Facebook algorithm changes will never stop. That much seems clear. If we take that as our starting point, here are some things that marketers can trust through past, ongoing, and future changes:
Don’t expect a Facebook algorithm change – at least not one announced publicly – that deprioritizes content from friends in favor of content from your store. Period. The trends is always in the direction of friends and family, and away from brands. So assume that the News Feed algorithm will never be as nice to you as it is today.
If there’s a silver lining, it’s this: Facebook is making changes to keep users more engaged. Engaged users are more likely to engage with ads. Your ads. It’s not like Facebook is becoming a charity. There will still be ads, and if these Facebook algorithm changes have their intended effect, those ads will be seen by users who enjoying themselves and open to seeing your ads.
Facebook algorithm changes are a good reminder that Facebook is not the be all end all of advertising. Facebook is sexy. The user base is ginormous, the Business Manager UX is nice (mostly), there is a proven record of brands gaining traction and driving sales via Facebook. At some point, though, these Facebook algorithm changes might test your patience. And when that happens, remember that Instagram, AdWords, and our old friend SEO will be waiting with open arms.
Facebook’s News Feed is very much a moving target these days. In early January, the company tweaked the News Feed to emphasize posts from friends and family. In practice, that means that users will see fewer organic posts from brands and publishers. More recently, CEO Mark Zuckerberg said that the platform will highlight more local news.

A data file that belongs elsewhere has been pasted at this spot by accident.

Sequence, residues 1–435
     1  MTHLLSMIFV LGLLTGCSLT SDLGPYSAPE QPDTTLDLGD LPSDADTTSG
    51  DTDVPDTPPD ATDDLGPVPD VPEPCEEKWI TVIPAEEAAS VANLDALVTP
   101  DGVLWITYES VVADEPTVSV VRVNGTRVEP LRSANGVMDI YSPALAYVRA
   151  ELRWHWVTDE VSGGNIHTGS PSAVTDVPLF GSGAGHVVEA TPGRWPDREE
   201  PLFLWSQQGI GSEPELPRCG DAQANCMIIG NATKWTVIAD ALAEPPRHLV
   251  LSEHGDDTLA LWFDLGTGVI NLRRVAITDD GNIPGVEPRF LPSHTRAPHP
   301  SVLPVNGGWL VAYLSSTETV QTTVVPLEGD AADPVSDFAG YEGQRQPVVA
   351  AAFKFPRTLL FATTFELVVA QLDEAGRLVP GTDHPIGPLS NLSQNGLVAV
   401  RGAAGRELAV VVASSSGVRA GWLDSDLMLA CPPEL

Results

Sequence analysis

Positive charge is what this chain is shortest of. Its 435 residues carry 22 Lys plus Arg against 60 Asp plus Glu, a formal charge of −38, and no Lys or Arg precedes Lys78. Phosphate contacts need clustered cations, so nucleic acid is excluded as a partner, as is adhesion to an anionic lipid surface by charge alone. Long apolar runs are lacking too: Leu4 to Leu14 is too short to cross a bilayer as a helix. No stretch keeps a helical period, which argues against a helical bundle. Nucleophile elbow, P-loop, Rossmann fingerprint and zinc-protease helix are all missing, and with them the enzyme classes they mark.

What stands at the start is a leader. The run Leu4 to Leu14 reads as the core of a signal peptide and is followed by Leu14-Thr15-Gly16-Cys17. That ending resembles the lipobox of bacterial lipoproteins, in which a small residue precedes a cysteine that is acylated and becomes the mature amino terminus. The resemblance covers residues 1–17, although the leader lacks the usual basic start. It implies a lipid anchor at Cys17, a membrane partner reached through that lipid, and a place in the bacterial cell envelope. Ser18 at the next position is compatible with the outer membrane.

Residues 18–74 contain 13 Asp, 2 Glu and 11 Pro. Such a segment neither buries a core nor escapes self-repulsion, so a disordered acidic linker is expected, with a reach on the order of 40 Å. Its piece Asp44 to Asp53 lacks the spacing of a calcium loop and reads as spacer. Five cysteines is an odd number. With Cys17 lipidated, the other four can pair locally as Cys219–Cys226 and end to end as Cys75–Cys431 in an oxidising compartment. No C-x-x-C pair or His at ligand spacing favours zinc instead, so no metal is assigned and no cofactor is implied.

Some have speculated that Facebook’s identity crisis will cause a downward spiral. Business owners might want to consider advertising elsewhere while Facebook figures out what it wants to be. That may be bad news for some. Startups in particular have become adept at using Facebook’s ad-targeting capabilities. But as I’ve been arguing for some time, Facebook is a poor vehicle for advertising messages, especially video. With these latest News Feed changes, ad prices are likely to rise.
If Facebook ads have been a mainstay of your media diet, you might want to ponder how you can take advantage of changes caused by these News Feed tweaks. Here are five ways to do that:
Facebook’s recent changes aren’t the only hit brands will take this year. Changes in socials and customer behaviour means brand pages will begin to hemorrhage audience members if they don’t start to adapt.
The first quarter opens the floodgates for new gym memberships, refreshed wardrobes and of course, the mass clean outs of social media accounts.